by Ahmad Shahroodi, Ph.D, P.Eng.,ODACC Adj.

“Claimant: Mr. Adjudicator, half of my building foundation has not been completed!”
Adjudicator: What’s a foundation?
Claimant: I see…, I mean the thing that supports my building.
Adjudicator: Support ??”

It goes without saying the primary goal of any contract in the construction industry is to conduct the project accurately, within the budget, and within the planned time frame. Considering the nature of civil engineering construction projects and considerable number of contract items, disputes between contract parties (e.g., consultant, contractor, or owner) occur, so a kind of dispute resolution becomes inevitable. Adjudication, as one of the dispute resolution methods, can be defined as a process that “allows disputants to present their arguments to an independent adjudicator, who then makes a decision that can be filed with the court”1.

In Ontario, the Construction Lien Act was renamed the Construction Act in 2018, most of its amendments concerning adjudication along with other processes are currently in force1. According to the new legislation, adjudication applies to particular disputes that include the validation of materials or services, notices of non-payment, payments under contracts, holdbacks, and any other issue agreed to by the parties. As of October 2019, the adjudication process has become mandatory in all Ontario construction contract related disputes. It is enforceable, quick, relatively inexpensive, and available as any party’s right. According to the Construction Act, any party can start the process through the Ontario Dispute Adjudication for Construction Contracts (ODACC), the body that is responsible for the administration, qualifying and training adjudicators1. First, the Claimant provides the Respondent and ODACC with a Notice of Adjudication, and the Respondent may subsequently provide the Claimant and ODACC with a response to the notice2. After this, parties have four days to choose and agree on an Adjudicator, from the official registry of the certified members, and receive the adjudicator’s consent to adjudicate.

Choosing an adjudicator is immeasurably essential, and both the Claimant and the Respondent should be familiar with the candidate’s profile and resume. A competent adjudicator should have excellent experience and profound knowledge of alternative dispute resolution in relation to construction contracts. As the adjudicator has a crucial role in reviewing evidence and facts presented by the parties and applying the appropriate and relevant law in order to issue a determination, contract law background is obligatory. Besides having core skills in the sphere of legislation, certain civil engineering experience in construction, as well to understand its complexities, can be beneficial for a construction disputes adjudicator to hearing a case. That is why a substantial number of construction contract disputes adjudicators have an engineering background in addition to legal knowledge. An adjudicator with specialized knowledge and expertise has some latitude to apply his/her own scientific knowledge or understanding of professional standards and guidelines to making a decision3. According to their experience, civil engineer adjudicators are able to review a construction project in order to ensure the process meets all the contract and code requirements. They are familiar with all the elements of the project management, including quality control, cost control, work supervision, claim negotiation, dispute settlement, and contract administration. The civil engineer adjudicator knows how to apply their knowledge and experience to determine the responsible party for the defect and problem in a construction dispute, without retaining an expert witness review and testimony. This may result in a faster, more accurate, and more cost-effective dispute resolution.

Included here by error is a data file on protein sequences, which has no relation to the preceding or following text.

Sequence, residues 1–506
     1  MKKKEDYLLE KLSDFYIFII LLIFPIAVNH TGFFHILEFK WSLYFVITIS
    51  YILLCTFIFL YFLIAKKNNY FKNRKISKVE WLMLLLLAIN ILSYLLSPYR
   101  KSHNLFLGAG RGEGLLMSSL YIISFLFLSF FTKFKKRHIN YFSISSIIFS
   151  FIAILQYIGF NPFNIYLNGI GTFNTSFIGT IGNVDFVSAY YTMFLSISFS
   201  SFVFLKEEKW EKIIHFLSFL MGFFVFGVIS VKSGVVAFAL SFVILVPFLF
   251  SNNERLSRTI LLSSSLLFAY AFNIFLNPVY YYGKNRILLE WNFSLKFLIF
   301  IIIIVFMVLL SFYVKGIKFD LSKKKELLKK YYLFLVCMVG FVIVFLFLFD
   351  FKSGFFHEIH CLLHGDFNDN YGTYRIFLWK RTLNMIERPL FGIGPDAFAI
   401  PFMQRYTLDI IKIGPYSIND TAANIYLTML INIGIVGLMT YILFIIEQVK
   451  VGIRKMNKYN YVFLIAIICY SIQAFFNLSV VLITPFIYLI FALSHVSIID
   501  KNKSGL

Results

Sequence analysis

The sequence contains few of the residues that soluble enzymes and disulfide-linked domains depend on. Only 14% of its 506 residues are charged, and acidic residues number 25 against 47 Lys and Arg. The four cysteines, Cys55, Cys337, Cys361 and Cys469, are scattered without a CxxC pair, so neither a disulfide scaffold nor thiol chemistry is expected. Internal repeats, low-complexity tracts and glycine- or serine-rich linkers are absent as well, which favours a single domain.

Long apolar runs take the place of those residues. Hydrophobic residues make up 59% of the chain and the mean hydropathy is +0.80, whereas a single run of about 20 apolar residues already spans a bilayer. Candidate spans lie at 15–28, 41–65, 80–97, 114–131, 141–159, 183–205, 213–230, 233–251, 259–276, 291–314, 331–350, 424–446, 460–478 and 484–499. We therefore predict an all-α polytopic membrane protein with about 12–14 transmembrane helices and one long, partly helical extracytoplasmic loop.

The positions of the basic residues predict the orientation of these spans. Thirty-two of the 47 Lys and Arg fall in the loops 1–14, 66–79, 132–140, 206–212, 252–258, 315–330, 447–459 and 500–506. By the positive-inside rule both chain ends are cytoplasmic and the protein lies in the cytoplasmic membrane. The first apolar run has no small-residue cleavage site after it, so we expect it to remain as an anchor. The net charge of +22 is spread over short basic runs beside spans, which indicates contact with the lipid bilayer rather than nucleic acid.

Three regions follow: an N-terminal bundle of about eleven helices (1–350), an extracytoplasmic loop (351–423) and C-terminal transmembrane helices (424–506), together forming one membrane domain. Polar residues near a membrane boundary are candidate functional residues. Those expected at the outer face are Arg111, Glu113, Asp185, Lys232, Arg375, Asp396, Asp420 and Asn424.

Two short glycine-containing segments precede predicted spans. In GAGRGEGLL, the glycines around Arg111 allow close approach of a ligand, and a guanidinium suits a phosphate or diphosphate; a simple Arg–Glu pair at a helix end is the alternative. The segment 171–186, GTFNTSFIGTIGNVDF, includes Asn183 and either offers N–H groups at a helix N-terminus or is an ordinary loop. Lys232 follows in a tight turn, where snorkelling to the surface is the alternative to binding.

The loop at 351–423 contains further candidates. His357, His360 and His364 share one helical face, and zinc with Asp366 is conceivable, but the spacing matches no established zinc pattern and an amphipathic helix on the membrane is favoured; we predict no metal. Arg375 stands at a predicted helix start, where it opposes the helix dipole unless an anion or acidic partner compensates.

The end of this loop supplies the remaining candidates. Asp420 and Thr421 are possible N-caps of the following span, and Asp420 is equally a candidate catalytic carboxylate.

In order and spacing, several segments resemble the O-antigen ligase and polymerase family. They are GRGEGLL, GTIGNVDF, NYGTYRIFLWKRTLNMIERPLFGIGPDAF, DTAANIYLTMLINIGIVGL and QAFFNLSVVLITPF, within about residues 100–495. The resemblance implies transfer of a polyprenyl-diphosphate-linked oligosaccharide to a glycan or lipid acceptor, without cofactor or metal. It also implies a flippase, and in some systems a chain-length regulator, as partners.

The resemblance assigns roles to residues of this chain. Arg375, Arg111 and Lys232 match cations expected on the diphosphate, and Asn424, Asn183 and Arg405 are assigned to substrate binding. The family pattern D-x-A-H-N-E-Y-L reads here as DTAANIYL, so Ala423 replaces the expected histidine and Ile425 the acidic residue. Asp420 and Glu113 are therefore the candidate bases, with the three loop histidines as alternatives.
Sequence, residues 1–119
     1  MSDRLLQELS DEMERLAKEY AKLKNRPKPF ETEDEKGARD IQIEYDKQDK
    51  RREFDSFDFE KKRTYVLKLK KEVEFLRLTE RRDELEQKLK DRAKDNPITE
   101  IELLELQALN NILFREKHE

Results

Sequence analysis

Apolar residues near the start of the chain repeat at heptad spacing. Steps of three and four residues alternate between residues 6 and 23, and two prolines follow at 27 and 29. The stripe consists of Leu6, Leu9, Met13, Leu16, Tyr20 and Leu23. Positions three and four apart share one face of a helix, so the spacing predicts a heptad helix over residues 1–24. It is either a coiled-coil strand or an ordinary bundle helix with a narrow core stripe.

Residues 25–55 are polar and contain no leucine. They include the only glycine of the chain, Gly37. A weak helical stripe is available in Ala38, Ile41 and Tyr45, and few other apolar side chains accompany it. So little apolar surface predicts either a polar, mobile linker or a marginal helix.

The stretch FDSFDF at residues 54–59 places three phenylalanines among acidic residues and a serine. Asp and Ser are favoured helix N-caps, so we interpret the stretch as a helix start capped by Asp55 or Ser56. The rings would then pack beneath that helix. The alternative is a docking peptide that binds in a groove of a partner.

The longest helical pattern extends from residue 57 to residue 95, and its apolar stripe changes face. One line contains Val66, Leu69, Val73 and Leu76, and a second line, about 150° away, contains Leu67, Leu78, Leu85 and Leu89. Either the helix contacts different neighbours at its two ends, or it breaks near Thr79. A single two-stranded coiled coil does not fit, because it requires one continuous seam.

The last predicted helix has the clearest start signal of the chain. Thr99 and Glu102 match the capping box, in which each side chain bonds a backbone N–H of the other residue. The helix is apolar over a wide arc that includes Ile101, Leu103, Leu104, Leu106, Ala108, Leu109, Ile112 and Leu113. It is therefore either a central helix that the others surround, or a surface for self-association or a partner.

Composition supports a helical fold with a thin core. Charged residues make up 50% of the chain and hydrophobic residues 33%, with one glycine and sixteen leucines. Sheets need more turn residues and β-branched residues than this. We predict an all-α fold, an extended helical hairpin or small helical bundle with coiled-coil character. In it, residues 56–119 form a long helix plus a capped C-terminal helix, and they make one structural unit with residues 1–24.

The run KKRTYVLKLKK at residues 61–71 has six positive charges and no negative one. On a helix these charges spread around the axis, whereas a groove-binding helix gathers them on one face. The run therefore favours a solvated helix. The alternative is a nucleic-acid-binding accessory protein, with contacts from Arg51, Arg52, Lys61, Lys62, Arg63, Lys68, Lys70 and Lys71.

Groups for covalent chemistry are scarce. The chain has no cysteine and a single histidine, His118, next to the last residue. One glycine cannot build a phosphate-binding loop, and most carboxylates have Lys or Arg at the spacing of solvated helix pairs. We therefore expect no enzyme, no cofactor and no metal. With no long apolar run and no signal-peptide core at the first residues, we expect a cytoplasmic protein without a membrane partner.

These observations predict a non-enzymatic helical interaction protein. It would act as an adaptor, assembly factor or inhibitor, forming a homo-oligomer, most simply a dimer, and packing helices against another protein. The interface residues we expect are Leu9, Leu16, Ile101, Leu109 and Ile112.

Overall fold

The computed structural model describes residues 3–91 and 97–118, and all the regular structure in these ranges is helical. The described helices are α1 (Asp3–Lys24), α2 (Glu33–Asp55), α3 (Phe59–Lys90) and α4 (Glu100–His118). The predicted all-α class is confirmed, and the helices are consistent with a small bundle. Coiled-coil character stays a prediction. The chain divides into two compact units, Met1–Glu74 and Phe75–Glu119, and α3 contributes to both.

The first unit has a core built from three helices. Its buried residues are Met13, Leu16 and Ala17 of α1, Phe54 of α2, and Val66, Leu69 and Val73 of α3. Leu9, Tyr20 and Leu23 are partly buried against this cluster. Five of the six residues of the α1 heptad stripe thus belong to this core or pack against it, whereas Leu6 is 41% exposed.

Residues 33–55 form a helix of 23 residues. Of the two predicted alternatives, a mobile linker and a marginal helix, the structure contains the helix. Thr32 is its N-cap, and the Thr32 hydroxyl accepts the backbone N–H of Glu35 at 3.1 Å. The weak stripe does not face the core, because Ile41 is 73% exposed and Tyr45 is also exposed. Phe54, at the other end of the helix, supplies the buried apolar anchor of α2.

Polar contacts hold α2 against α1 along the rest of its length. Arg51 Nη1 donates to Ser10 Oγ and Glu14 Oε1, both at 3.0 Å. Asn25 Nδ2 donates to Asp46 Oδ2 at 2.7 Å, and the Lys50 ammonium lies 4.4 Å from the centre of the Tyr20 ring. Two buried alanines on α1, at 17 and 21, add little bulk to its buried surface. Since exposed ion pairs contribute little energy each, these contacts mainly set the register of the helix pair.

In conclusion, adjudication is regarded as a highly essential and mandatory process in the Ontario construction industry that has multiple benefits, such as the ability to select the adjudicator by the parties. In addition to the fact that deep construction contract law knowledge is obligatory for this position, additional civil engineering background is preferable as a civil engineering adjudicator has knowledge necessary for the understanding of the construction contract and process. Therefore, both parties should carefully research and choose their adjudicator, as his/her legal knowledge and engineering expertise can benefit the dispute resolution.

Next time, when you are a party to a construction contract dispute, our civil engineer certified adjudicator, who knows how a building is supported, can hear your case.


  1. Ontario Society of Professional Engineers, “Adjudication under Ontario’s Construction Act.”,
  2. Ontario Dispute Adjudication for Construction Contracts, “Adjudication Process.” ODACC, ca/en/adjudication-process/
  3. Society of Ontario Adjudicators and Regulators, “A Manual for Ontario Adjudicators”, 2015 edition, p. 28
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